TFLs Can Be Drive-Stoppers
Photo Credit: Aaron Babcock

TFLs Can Be Drive-Stoppers, Now Nebraska Just Needs to Get Some

August 16, 2018

In the eight months or so Nebraska fans have had to get to know defensive coordinator Erik Chinander, one phrase should’ve been unavoidable –– negative plays. That term comes up often with Chinander for a good reason. They’re big plays for any defense, but particularly in this style of defense.

Turnovers are included in that definition. Those are defensive home runs, but let’s put those aside for now and focus on the plays that are literally negative –– tackles for loss (which includes sacks). It may seem obvious that when the offense is moving backward that’s a good thing for the defense. But “good” is understating just how important those tackles for loss were at Central Florida in 2016 and 2017, Chinander’s first two seasons as a coordinator. Those plays were vital.

The Knights defended 389 drives over those two seasons, 174 of the drives included a tackle for loss and 215 drives did not. The charts here show you the outcomes of those drives based on if they included a tackle for loss, and it’s easy to see the impact. Drives with a tackle for loss had a lower touchdown rate, higher field goal rate, higher turnover rate and higher stop rate (click the graph in the upper-right corner to enlarge).


In most seasons an average FBS defense will give up about 2.1 points per drive. That’s almost exactly what UCF averaged (2.12) over the past two seasons on drives that didn’t include a tackle for loss. But on those drives that did include a tackle made behind the line of scrimmage? The Knights’ points per drive dropped all the way to 0.99, which would rank among the best defenses in the country every year.

Nebraska in 2017 was a different story. With a focus on big-play prevention, Bob Diaco's defense was willing to give a little bit on the aggressiveness front and, well, it ended up giving a lot. The Huskers' numbers for drives with a tackle for loss were better than for drives without one, as you'd expect, but they still weren't what you'd consider good. The touchdown rate on drives with a TFL dropped, but only to 25 percent; the field goal rate rose, but only slightly; the turnover rate was essentially the same.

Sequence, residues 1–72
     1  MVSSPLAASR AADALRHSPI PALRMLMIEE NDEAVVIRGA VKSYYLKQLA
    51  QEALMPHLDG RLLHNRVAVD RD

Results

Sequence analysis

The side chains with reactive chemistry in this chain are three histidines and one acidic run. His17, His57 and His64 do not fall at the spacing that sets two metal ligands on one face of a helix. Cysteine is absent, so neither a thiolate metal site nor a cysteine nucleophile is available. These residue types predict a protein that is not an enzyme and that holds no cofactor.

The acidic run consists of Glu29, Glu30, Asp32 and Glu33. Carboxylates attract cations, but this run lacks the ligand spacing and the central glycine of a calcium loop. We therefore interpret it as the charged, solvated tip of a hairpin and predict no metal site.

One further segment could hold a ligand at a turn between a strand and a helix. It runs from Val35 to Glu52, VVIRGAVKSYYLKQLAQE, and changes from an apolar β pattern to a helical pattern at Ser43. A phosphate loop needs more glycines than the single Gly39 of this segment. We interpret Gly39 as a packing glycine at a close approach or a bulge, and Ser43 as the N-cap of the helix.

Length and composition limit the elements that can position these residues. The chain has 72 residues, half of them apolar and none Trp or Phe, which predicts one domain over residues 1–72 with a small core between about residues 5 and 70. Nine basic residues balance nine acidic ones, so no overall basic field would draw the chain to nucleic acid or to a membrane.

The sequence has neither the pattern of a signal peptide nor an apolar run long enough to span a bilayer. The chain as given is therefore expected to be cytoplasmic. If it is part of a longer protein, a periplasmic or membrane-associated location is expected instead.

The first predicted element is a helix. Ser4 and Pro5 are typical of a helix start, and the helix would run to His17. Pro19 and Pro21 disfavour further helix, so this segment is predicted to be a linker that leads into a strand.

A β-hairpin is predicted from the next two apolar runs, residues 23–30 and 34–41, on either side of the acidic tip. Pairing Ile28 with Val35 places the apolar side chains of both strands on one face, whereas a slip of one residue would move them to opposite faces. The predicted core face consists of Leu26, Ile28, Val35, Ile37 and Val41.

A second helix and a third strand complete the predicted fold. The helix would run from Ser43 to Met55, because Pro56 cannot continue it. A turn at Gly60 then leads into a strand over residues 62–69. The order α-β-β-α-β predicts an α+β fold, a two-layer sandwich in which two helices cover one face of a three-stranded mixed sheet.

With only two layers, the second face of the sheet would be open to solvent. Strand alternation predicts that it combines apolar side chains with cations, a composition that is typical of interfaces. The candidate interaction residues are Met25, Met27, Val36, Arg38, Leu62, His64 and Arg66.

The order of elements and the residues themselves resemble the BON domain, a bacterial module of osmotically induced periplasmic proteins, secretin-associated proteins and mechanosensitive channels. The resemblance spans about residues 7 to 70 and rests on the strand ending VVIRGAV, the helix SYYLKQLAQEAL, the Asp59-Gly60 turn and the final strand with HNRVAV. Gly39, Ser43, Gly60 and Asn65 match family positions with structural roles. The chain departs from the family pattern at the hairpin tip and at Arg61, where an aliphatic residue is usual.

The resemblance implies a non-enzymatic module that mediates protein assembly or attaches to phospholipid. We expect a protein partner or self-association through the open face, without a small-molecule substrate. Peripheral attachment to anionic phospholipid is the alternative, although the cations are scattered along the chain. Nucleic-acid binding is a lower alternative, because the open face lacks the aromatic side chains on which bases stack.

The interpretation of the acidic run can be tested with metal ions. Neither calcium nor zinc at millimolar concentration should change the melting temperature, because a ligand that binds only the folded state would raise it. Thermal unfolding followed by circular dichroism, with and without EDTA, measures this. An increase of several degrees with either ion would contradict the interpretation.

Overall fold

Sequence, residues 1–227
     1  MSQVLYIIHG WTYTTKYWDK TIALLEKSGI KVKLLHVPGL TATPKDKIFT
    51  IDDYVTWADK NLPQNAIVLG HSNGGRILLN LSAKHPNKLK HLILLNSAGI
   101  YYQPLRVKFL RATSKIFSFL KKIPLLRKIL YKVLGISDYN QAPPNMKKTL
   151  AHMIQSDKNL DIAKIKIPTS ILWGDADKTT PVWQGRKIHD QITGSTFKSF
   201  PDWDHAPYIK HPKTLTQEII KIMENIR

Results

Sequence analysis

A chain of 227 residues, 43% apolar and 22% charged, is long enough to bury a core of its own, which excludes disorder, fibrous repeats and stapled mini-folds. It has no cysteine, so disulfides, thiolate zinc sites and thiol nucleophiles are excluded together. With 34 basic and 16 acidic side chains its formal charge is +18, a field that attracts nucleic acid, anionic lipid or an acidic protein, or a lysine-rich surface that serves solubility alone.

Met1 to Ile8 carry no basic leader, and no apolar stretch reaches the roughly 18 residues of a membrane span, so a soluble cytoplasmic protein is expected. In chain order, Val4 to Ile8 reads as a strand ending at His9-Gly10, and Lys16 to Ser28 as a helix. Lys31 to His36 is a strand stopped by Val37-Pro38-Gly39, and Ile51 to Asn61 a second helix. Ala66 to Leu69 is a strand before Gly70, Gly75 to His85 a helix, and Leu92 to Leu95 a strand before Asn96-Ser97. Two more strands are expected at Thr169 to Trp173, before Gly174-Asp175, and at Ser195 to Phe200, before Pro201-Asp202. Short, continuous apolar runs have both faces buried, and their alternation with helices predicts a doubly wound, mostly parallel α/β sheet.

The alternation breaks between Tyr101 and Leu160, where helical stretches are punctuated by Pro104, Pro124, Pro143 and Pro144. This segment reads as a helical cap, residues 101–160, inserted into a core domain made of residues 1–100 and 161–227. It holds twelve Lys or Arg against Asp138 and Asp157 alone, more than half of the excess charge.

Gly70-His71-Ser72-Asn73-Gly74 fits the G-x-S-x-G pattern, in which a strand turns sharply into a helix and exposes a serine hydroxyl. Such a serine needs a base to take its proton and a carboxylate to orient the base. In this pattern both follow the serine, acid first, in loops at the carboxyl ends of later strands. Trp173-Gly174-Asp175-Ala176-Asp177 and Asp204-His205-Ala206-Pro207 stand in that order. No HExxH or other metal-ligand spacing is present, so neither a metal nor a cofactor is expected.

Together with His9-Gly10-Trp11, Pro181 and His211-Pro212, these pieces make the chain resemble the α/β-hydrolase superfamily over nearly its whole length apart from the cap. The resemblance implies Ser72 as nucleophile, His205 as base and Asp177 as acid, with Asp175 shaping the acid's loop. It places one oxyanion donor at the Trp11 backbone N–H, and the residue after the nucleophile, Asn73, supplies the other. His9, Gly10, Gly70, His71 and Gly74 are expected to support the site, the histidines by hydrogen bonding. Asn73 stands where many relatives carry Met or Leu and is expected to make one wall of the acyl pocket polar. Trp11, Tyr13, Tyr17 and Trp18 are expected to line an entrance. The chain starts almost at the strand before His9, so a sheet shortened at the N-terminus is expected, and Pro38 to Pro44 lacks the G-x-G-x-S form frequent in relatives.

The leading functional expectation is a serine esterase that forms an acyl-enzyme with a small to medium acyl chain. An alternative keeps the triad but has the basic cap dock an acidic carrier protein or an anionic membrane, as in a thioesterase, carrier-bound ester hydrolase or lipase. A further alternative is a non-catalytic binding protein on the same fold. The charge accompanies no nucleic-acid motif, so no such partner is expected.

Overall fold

That's a sign of a defense that's struggling in a number of areas, but particularly at getting stops in scoring territory. The 2017 Huskers would've had to have had a lot of TFLs for it to make a huge impact on the how that unit was playing overall. That was never going to happen under Diaco. Wasn't his style. Nebraska ranked 129th in TFLs per game in 2017, the previous seven national rankings for Diaco-led defenses weren't drastically better: 115th, 106th, 99th, 108th, 81st, 75th and 84th.

UCF only ranked 64th in this category last season, perfectly average, but it was ninth in 2016. No matter which season it was, the Knights maximized those plays.

And that’s why you’re probably not going to hear Chinander stop mentioning negative plays any time soon. When his defense is creating those plays it can run with any defense in the country. Remember that this season when the crowd goes crazy and a Husker eagerly throws the bones after dropping a back in the backfield.

It’s not just an exciting play, it’s probably keeping points off the board and that, of course, is what defense is all about.

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